This is follow up on the response to issue mentioned in the other post and I didn’t want to flood it with unrelated stuff.
So My question - is there a way to turn a non-numeric field into number field.
In my case, the lookup creates apparently an array and is non-numeric. It is actually in my case ALWAYS going to be just one number. There is never going to be a comma, never space, never going to be two separate numbers. The number can range from 0 to 100 or get even negative (it’s for quantity).
Is there any function to turn this back into formula field?
Unless using some kind of SWITCH formula or substitute regex formula or some madness like this?
I tried VALUE but that seems only turns written text number into a digits number.
But I need to turn a text field like this:
Why don’t you use a rollup instead of a lookup? Then you can use a formula like MAX(values). Since there is only one number, you will get a single number as a number (versus an array of numbers, which might have only one element in the array).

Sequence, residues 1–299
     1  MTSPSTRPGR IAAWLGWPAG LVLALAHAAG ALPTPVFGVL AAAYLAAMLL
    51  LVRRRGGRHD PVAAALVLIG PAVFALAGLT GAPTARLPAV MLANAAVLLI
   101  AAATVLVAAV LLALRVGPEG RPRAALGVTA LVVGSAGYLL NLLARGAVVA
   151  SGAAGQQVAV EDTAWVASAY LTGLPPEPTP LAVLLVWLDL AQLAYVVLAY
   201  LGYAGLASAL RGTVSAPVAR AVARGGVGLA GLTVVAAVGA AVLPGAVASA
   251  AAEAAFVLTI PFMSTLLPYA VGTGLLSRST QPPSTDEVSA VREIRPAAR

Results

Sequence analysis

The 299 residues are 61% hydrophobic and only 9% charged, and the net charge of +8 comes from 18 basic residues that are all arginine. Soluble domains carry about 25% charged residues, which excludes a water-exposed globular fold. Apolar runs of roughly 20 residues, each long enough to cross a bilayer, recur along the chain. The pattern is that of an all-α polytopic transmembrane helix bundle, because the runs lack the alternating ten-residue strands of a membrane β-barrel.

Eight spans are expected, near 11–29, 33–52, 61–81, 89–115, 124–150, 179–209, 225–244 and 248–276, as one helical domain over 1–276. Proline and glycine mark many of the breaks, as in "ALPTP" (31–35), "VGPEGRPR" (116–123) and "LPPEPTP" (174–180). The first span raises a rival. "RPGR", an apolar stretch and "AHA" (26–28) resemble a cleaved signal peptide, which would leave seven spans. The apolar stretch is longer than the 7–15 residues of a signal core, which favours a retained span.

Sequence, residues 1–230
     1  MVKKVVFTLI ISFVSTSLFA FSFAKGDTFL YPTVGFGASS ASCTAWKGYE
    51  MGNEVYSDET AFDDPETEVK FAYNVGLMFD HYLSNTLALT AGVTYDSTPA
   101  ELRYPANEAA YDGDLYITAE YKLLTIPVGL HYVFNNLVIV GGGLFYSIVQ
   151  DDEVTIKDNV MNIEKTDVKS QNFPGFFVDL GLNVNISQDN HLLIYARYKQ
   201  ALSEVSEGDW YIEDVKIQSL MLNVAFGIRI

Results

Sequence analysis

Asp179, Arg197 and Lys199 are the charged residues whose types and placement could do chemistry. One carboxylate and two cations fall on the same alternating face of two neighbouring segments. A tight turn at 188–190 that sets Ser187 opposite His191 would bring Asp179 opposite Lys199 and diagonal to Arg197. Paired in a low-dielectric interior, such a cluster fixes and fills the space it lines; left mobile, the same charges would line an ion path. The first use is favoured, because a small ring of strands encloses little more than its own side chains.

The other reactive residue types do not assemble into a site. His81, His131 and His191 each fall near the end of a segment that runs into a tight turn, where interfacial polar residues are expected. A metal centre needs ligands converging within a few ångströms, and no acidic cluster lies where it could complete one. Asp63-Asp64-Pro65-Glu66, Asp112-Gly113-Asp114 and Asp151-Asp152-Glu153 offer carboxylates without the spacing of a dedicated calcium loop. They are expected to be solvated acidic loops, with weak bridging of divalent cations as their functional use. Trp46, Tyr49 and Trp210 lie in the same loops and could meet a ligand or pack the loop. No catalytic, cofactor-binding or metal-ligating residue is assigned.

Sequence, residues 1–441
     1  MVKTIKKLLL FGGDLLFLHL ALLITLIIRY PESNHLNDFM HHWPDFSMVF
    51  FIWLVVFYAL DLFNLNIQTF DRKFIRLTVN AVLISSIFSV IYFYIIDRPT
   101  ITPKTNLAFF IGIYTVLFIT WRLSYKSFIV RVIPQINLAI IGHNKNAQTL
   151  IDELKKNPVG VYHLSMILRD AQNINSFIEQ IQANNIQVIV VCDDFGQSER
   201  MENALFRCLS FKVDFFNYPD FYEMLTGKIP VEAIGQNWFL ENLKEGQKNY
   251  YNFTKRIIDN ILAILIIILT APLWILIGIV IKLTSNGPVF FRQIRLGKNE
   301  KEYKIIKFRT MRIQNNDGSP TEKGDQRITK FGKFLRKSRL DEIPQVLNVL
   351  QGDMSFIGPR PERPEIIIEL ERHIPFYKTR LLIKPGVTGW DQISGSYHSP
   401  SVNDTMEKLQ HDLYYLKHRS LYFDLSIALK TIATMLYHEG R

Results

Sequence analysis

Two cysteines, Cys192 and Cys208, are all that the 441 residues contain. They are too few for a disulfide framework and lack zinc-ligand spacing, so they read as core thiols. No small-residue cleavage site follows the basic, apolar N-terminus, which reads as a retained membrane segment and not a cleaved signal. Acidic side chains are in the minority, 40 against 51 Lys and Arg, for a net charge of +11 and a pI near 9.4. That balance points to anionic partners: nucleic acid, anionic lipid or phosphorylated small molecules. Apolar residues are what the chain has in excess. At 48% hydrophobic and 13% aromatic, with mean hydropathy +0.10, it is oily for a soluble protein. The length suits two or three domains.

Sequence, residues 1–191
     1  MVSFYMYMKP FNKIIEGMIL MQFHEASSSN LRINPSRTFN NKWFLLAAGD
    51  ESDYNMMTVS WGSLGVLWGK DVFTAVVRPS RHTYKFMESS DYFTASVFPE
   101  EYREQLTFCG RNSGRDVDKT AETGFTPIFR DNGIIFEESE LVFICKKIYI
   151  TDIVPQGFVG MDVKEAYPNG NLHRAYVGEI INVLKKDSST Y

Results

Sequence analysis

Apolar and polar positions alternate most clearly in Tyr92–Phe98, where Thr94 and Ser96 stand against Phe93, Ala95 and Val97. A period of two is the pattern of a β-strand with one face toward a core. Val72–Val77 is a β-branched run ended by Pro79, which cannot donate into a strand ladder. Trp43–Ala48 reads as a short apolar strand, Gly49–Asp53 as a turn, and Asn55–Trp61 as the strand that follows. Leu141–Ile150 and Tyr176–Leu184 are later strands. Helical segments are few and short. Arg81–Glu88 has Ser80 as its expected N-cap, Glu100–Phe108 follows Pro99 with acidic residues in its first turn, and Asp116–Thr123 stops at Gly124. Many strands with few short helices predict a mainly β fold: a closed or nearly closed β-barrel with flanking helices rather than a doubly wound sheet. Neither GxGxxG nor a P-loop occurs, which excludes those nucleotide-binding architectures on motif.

I only used Lookup all the time because there was no issue up to now when I come across this situation. Being non technical background, I would naturally think, if I am looking up one field and that field is a numeric field, then, naturally, Airtable should interpret it as such and show the result of the lookup also as a number field.
If using a rollup in this case a correct way of doing it rather than lookup, then the help and error messages could be more descriptive. On the other hand, if it is sort of a work-around fix to a problem that Airtable didn’t address with the function, then I can’t imagine how the new users must feel frustrated with these types of issues.
Probably one of the reasons why the Airtable support team was overwhelmed with dealing with these types of small case tickets in the past, no wonder they culled it.
There are many possible ways of doing things. Based on what you’ve described, I think that a rollup is the most efficient solution.
While I agree that help and error messages could be better, figuring out how to identify the error can be tricky. Some people may want to throw AI at the problem, but the risk of false reasons is pretty high given the limited training material that AI has and the wide range of possible causes for automation issues. I often prefer a slightly cryptic, but completely accurate error message to an error message with a cause/solution that has a significant chance of being incorrect.
Could be. Large enterprise customers probably have staff with Airtable knowledge that can deal with these small case issues internally (or build to avoid these issues in the first place). Smaller customers either have to figure it out on their own or hire a consultant.